1) Regarding the Huffington Post, I thought it was peculiar that at least half of the article was regurgitating Darwiniian "just-so" stories about human evolution millions of years ago that cannot - by definition - be proven or disproven. We're so used to these stories cropping up in articles about fossil discoveries that we forget that a responsible journalist would simply report the facts of the event (the discovery of the fossil), or (if they simply can't control themselves) repeat the Darwinian stories, but also add the caveat that these stories are speculation at best, far from proven facts. And then I ask: "What compels the Scientific Community to do these things?" That's when I cite the atheist philosopher Thomas Nagel who argues that the Scientific Elite has a "fear of religion" - a fear - that - if these articles are any guide - they are quite eager to spread to the masses.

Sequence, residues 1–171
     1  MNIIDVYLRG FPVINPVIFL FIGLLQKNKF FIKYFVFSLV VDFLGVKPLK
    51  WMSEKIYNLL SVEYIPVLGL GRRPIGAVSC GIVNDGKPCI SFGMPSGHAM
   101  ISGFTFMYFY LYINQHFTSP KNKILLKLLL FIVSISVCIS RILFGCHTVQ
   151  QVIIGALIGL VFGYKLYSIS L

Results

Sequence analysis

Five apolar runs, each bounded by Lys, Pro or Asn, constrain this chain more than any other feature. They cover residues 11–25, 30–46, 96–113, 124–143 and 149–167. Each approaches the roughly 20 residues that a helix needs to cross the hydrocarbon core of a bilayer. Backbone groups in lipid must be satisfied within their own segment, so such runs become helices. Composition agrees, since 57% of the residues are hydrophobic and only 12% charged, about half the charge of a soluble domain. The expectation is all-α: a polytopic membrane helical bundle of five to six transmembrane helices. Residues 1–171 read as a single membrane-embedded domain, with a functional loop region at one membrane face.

2) Regarding the Dr. Lovejoy quote, it does sound like the good doctor himself is confused by what it all means. And that too is my point. The arch-Darwinists constantly repea,t "Darwinism is a fact; Darwinism is fact," but for any honest investigator, it is NOT a fact. It might true, or it might be false, but based on the evidence, it is NOT a fact.


Dr. Lovejoy speculates that apes evolved from humans. By saying this, Dr. Lovejoy (who as far as I know is an arch-Darwinist) is suggesting a radical reinterpretation of Darwinian theory: that apes evolved from humans (not the other way around).


Needless to say, the fact that this question is still being entertained in the year 2009 (150 years after Darwin's book) shows that Darwinian evolution ISN'T a fact. It's a speculation. The whole thing is a speculation.